For director Gary Bernice, the band at Springfield High School of Science and Technology is about more than making music. It is about creating community, encouraging responsibility, building leaders and improving graduation rates in a school where most students come from poverty.
“We have high expectations. We don’t like mediocre. Students rise to the expectations.” The result? Bernice says that students who take band for more than one year are more than twice as likely to graduate as students not participating in band.
|Unearth the flutes, saxophones, trumpets and other band instruments collecting dust in your homes and donate them to the Sci-Tech Band.|
When Bernice, a 29-year-old Springfield resident, came to the school in 2007, the band had about 20 members. This past school year, about 300 students performed, and next year, 588 students have signed up for a band considered one of the state’s top music programs and now known as “The Pride of Springfield.”
“Our music is relevant to the students’ culture and to the city as a whole. Every ethnicity is represented in the band. We do Latin pieces, hip hop, songs from the radio, funk, classical. We get to explore each others’ music in a meaningful way, and that helps us resolve conflict.”
Alton Skinner, a 2012 graduate, says the band changed his life. “It’s given me something to strive for.” According to Skinner, before he followed a friend to band practice his sophomore year, “I just sat around the house and didn’t do anything.” On that day during his sophomore year, “Mr. B. invited me in,” he recalls. “He’s not afraid to use his time to help people. He’s been a father figure.” Skinner joined the band and learned to play the alto saxophone. In the fall, he plans to study music at Holyoke Community College. He hopes to get a degree in music performance and make a living as a musician.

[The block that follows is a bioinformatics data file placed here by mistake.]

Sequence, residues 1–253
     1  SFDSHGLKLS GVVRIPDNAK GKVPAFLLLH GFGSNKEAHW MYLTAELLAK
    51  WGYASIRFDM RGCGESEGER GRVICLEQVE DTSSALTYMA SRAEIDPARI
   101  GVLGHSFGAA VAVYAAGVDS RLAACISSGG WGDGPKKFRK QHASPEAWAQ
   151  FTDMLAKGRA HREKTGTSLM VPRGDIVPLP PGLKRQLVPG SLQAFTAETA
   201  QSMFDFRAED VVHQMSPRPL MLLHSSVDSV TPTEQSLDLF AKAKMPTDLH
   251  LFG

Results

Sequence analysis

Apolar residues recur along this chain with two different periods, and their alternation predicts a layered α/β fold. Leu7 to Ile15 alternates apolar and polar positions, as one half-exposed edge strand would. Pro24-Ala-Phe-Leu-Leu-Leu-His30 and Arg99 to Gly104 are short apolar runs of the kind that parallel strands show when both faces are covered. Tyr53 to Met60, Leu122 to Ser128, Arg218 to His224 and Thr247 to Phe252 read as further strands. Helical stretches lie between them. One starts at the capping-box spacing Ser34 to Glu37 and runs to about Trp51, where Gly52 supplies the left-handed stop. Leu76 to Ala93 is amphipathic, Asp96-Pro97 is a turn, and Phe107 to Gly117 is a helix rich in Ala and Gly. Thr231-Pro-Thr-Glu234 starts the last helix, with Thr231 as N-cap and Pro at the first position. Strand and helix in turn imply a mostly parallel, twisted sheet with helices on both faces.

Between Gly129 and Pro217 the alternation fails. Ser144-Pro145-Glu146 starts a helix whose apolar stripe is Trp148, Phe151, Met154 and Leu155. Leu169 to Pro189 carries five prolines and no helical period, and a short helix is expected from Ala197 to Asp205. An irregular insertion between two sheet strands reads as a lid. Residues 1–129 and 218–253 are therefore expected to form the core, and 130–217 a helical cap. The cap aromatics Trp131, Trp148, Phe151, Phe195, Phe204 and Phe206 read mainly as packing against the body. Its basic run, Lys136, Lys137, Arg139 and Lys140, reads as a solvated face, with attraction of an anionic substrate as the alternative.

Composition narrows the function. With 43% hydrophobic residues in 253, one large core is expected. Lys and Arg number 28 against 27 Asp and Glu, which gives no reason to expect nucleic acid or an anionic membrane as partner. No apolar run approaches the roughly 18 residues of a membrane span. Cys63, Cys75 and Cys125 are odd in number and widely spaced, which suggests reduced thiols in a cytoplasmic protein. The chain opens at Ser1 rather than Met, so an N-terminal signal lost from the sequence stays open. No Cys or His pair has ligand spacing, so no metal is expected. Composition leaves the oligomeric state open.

Many of the instruments are donated, while others are purchased with money allocated in the district budget. “But,” Bernice says, “There is not nearly enough money in the budget next year for all students interested in joining the band. For next year, we need 250 or more instruments.”
Here is how you can support the perpetuation of this program and its resulting high school graduates: dig into your attics, your cellars and closets. Unearth the flutes, saxophones, trumpets and other band instruments collecting dust in your homes and donate them to the Sci-Tech Band. Please let us know when you have so we can give you a big shout-out and encourage others to do the same.
Instruments may be dropped off at the Springfield High School of Science and Technology on 1250 State Street in Springfield. For questions regarding school hours or the Sci-Tech band, please call 413-750-2000.
Ronni Gordon | http://runnerwrites.blogspot.com/
Photo credit: Deborah Walsh